> The ISP's can track you / deanonymize anyway...

They can, yes; the question is how much they do and if they should: I believe that it should be illegal for them to do this, and in a more perfect world on a more perfect network I believe it should be impossible for them to do this. The idea that you seriously think that not only is it OK that they do this but that they actively should do more of it, in all honesty, sickens me: we should be striving for a world where the list of reasons an ISP "should" track you--the list of reasons people feel they have to--is empty.

> That means the netflow collection point will have statistical metadata about customer connections (1 in 64k connections will have saved data - source port/ip, dest port/ip, length, packets, bytes).

No: that's not what this article says, and that's not how NetFlow works. You are proposing logging 1 out of every 64k packets, not 1 out of every 64k connections. Connections are made up of multiple packets--at least 4--and are sometimes made up of many many packets (the average I read was ~100 packets per connection, though I'm sure that falls into some inverse power loaw). So you are logging way more connections than 1 out of every 64k, and there are known attacks even on networks like Tor that are based on having this NetFlow data to correlate connections.

> Think about centralization that it causes: can your server sustain trivial 100Gbps SSDP attack?

The only force of centralization I'm seeing in either my experiences or your presentation is the marketing that comes out of CloudFlare and the, as far as many of us can tell, bending of the truth as to what even constitutes an attack that is used to up-sell existing CloudFlare customers. It is one of the reasons why the only websites you ever really notice being attacked are ones behind CloudFlare, because CloudFlare really really wants random other people to notice that they are "helping".

FWIW, I have absolutely been the target of SSDP attacks, and have been concerned about this protocol for a long long timeand it isn't obvious to me how "let's centralize more" is the real answer to the problem: if you really want to protect yourself from a DDoS attack, the obvious solution is to decentralize, not centralize... the more centralized you are the more you have a target that can actually be taken down. As a visceral demonstration of this, I dare you to use an SSDP attack to take down Bitcoin: the only reason that this attack is a conceptual problem in the first place is that people like to centralize things.


Right, sounds like our fundamental assumptions differ.

For the great majority of internet users buying more capacity around the globe to sustain a 100Gbps SSDP is not an option. If you run a mildly controversial website, you don't expect to pay much for idle bandwidth. You can go for hosted solutions, but then you will be charged for attack traffic. What I'm proposing is a solution to this problem - how can we make the internet safer for the most common use case. I propose: netflow (to identify the spoofing boxes), flowspec (as stop gap measure), and BCP38 (a fundamental issue) will get us a long way.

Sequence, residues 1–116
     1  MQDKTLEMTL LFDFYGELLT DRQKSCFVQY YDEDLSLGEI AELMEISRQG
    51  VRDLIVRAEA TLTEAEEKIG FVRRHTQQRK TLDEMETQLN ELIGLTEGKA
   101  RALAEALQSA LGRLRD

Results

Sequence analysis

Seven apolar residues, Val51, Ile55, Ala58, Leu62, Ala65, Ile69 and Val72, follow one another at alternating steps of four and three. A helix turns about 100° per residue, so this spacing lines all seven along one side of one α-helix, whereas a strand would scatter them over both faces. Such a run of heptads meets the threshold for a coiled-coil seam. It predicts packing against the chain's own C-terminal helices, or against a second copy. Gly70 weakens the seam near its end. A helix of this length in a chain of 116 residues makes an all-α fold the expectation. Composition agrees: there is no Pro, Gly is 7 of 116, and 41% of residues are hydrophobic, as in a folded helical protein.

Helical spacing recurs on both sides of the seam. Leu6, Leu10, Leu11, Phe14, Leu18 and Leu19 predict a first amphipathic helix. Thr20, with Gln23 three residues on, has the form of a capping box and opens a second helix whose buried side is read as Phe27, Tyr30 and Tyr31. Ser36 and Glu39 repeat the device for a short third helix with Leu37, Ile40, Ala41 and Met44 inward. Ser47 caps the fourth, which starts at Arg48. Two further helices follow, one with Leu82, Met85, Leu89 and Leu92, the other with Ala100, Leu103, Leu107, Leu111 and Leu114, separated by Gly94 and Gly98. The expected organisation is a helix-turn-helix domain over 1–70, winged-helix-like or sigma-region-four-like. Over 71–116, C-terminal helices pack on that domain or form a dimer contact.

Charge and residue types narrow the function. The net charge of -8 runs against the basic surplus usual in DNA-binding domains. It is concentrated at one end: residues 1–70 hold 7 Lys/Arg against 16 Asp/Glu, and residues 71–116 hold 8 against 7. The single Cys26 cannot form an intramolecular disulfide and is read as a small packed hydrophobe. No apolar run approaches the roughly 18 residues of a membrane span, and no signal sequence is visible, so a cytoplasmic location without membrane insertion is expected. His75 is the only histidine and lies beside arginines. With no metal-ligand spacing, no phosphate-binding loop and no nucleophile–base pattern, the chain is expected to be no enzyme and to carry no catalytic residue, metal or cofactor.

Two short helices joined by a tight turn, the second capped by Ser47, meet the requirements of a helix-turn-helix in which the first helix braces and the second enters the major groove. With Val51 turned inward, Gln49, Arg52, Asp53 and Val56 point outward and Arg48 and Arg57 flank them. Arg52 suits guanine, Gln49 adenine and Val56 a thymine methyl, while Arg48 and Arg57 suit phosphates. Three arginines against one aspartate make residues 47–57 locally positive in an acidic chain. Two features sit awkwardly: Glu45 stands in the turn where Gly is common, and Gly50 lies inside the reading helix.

If we were to design HTTP from scratch we could discuss how to make it truly decentralized. This sounds like an academic discussion though.

Your second argument is that DDoS is not a real problem. I don't know how to assess it. Dyn was down. Krebs went down. These are facts. I'm definitely not the guy that shouts "we are all doomed! buy product A or you will go down". All I say is - this is what I see, this is what happened, here are the numbers. Read the data and assess it yourself I guess!

- stats for amplifications https://blog.cloudflare.com/reflections-on-reflections/

- numbers for some random syn flood https://blog.cloudflare.com/a-winter-of-400gbps-weekend-ddos...

- numbers from some unexplained L7 event https://blog.cloudflare.com/the-porcupine-attack-investigati...


> Even without using amplification, with IP spoofing it's possible to launch a direct attack, which will be untraceable.

A long time ago, there was a proposal (itrace, its latest draft was https://tools.ietf.org/html/draft-ietf-itrace-04; see also http://ccr.sigcomm.org/archive/2001/jul01/ccr-200107-paxson....) to make these attacks easier to trace, by having routers probabilistically emit ICMP packets towards the supposed target or source of a packet. From what I recall, as DDoS attacks moved from IP spoofing to zombies using their real IP address, the working group sort of lost its purpose and died.


Question for any network admins here: I enabled IPFIX on our Juniper MX series routers for that exact purpose, but it contains Layer 3 info only (no MAC addresses!).

What am I missing? For now, I'm getting the info I need from sFlow but I want to get rid of that ASAP.

You might be happy to hear that the ISP I work for can definitely identify where that 150Mpps flood came from :) We're even doing some automated outbound mitigation in order to be good net citizens. CloudFlare's blog articles definitely helped us improve our network-level DDoS mitigation, by the way! Thanks for that.